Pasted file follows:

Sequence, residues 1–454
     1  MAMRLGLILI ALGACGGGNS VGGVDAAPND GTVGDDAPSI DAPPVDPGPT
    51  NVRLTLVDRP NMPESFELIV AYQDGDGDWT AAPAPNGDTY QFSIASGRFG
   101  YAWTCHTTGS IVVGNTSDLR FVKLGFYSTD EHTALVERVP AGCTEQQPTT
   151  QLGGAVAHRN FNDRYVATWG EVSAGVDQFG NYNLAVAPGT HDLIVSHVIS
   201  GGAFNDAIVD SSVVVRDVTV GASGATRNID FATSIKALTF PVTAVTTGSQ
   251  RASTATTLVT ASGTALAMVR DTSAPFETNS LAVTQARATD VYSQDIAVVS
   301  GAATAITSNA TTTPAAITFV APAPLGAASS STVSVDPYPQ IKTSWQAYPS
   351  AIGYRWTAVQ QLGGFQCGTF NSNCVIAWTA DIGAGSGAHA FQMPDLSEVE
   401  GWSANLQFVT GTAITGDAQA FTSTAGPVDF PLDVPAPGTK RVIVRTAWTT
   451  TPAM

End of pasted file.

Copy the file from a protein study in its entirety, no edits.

Sequence, residues 1–454
     1  MAMRLGLILI ALGACGGGNS VGGVDAAPND GTVGDDAPSI DAPPVDPGPT
    51  NVRLTLVDRP NMPESFELIV AYQDGDGDWT AAPAPNGDTY QFSIASGRFG
   101  YAWTCHTTGS IVVGNTSDLR FVKLGFYSTD EHTALVERVP AGCTEQQPTT
   151  QLGGAVAHRN FNDRYVATWG EVSAGVDQFG NYNLAVAPGT HDLIVSHVIS
   201  GGAFNDAIVD SSVVVRDVTV GASGATRNID FATSIKALTF PVTAVTTGSQ
   251  RASTATTLVT ASGTALAMVR DTSAPFETNS LAVTQARATD VYSQDIAVVS
   301  GAATAITSNA TTTPAAITFV APAPLGAASS STVSVDPYPQ IKTSWQAYPS
   351  AIGYRWTAVQ QLGGFQCGTF NSNCVIAWTA DIGAGSGAHA FQMPDLSEVE
   401  GWSANLQFVT GTAITGDAQA FTSTAGPVDF PLDVPAPGTK RVIVRTAWTT
   451  TPAM